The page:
Next up we find the track, “Scarlet Town” this is also another track where Dylan shows his tremendous story telling abilities. It is truly a haunting tune driven by banjo and a haunting violin played by David Hidalgo.

After listening to the great slab of work that was “Scarlet Town,” I found myself very disappointed by the next track entitled “Early Roman Kings” which musically is a clear rip off of a Muddy Waters riff, with only some added accordion and keyboards to make it sound different. This track was followed up by another track called “Tin Angel” which is driven by a small band and a prominent fretless bass that sounds magnificent and emphasizes the dramatic nature of Dylan’s lyrics.

The title track, “Tempest” follows “Tin Angel,” and to me this is an epic song about the sinking of the Titanic. Dylan’s imagery is just magnificent, and unlike most people who portray the sinking, he does not candy coat it.

The final track on the album is entitled “Roll on John,” and is a tribute to John Lennon. The song starts off with a nice progression, and leads into a verse that tells the story of John Lennon from The Quarrymen to the sudden fame of the Beatles. Dylan also makes numerous references to Lennon’s own words when he sings lyrics that came from Beatle’s classics, “Come Together” and “A Day in The Life.” The song is truly an amazing tribute to a great musician and friend.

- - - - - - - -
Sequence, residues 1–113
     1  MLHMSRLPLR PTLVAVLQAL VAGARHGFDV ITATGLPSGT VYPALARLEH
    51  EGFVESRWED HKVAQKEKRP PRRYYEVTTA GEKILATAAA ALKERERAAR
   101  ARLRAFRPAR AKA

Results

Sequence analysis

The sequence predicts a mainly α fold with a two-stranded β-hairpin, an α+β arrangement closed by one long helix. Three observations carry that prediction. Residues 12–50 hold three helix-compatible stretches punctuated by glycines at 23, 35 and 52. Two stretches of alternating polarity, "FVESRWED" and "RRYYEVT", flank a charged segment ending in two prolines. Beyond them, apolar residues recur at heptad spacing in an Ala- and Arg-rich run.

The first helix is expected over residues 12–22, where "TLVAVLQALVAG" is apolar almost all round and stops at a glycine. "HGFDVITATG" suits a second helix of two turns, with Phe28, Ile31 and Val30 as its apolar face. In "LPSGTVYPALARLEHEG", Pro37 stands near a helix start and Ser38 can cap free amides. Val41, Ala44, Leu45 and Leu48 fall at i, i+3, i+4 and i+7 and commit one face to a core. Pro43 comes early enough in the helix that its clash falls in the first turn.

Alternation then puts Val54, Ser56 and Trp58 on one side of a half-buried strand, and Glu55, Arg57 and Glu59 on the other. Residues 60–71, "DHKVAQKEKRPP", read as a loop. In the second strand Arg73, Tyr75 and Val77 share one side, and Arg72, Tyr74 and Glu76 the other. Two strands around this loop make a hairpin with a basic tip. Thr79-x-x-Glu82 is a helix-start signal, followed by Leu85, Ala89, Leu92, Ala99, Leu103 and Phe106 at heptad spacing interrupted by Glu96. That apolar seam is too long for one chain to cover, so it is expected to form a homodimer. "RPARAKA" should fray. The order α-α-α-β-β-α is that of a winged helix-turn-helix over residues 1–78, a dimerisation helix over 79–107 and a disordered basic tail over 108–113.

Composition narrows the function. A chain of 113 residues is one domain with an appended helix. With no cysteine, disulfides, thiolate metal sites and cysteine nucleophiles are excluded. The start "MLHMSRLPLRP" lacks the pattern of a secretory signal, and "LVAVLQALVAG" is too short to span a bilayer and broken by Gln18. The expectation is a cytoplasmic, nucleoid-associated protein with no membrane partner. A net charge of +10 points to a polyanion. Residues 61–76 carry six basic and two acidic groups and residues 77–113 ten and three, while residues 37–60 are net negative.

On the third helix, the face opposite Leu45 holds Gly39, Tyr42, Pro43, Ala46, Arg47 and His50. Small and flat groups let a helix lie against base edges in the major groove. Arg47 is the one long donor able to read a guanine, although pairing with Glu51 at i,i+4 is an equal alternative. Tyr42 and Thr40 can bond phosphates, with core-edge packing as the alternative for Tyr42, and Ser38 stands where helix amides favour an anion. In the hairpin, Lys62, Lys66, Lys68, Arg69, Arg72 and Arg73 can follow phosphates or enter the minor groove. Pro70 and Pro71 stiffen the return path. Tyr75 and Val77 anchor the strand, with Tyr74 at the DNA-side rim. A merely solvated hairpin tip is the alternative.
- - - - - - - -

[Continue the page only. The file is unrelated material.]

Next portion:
Tempest is an amazing piece of work by Dylan. Musically Bob Dylan is on par with his best material, but when it comes to lyrics, you can see why some refer to him more as a poet than a musician.

-B. Harlow

Check Out Bob Dylan’s music video for “Duquesne Whistle” Below: